The Metabolism of the Urban Web

Regular Planetizen contributors Nikos Salingaros and Michael Mehaffy get deep into the importance of network connectivity in cities and the reasons why sprawl is incredibly ineffective.
December 19, 2011, 12pm PST | Tim Halbur
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Writing in Metropolis, Salingaros and Mehaffy explain there theory that "[a] city comes alive only when it is a network that connects many different types of urban activities and nodes.":

"This means that the traditional, mixed-use city is alive, precisely because of its inclusivity of distinct functions, different scales, and different dynamics - which holds as long as one of them doesn't destroy the others. Every diverse place and function should catalyze other essential urban functions, and this is what keeps the network connected and keeps its flows going."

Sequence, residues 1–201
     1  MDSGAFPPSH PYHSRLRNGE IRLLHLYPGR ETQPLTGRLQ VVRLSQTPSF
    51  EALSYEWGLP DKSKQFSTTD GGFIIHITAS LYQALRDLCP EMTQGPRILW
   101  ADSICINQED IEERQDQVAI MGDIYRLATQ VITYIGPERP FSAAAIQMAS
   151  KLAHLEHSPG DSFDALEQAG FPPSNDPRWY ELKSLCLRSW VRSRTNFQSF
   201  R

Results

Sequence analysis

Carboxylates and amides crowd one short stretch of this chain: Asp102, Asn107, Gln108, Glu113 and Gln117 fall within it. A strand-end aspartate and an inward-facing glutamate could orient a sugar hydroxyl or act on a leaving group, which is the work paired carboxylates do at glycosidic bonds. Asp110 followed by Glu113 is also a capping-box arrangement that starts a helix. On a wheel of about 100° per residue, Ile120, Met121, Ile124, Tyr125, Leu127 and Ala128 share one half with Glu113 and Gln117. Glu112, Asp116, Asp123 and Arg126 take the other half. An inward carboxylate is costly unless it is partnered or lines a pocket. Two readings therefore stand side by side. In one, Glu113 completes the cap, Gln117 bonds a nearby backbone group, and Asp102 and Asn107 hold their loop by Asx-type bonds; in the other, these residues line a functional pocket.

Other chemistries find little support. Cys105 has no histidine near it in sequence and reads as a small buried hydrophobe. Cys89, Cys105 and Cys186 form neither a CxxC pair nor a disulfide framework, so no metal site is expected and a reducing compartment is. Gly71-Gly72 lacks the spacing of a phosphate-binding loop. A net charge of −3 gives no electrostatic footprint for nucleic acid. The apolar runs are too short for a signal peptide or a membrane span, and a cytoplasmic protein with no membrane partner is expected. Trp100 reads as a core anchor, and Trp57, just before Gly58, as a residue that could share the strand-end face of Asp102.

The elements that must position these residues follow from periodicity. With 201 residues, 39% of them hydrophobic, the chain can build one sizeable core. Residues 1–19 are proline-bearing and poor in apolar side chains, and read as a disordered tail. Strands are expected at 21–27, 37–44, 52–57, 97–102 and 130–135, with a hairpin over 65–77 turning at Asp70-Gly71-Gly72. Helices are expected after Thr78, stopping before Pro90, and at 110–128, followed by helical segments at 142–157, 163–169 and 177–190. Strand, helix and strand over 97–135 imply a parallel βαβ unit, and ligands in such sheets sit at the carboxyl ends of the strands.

Sprawl, on the other hand, "because of its stretched and fragmented network geometry, requires enormous expenditures of energy: it is, in fact, the most energivorous urban invention in history."

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Published on Monday, December 19, 2011 in Metropolis
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